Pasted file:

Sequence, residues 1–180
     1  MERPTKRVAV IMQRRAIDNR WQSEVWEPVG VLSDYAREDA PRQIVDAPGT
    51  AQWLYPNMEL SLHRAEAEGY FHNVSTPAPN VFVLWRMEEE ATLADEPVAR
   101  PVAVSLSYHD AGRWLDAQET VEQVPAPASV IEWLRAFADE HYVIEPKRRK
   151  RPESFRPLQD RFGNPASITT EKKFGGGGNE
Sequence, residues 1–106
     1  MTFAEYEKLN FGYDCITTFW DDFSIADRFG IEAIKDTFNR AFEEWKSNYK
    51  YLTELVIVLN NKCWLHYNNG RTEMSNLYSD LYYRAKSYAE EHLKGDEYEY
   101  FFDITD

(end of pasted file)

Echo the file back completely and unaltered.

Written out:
Sequence, residues 1–180
     1  MERPTKRVAV IMQRRAIDNR WQSEVWEPVG VLSDYAREDA PRQIVDAPGT
    51  AQWLYPNMEL SLHRAEAEGY FHNVSTPAPN VFVLWRMEEE ATLADEPVAR
   101  PVAVSLSYHD AGRWLDAQET VEQVPAPASV IEWLRAFADE HYVIEPKRRK
   151  RPESFRPLQD RFGNPASITT EKKFGGGGNE
Sequence, residues 1–106
     1  MTFAEYEKLN FGYDCITTFW DDFSIADRFG IEAIKDTFNR AFEEWKSNYK
    51  YLTELVIVLN NKCWLHYNNG RTEMSNLYSD LYYRAKSYAE EHLKGDEYEY
   101  FFDITD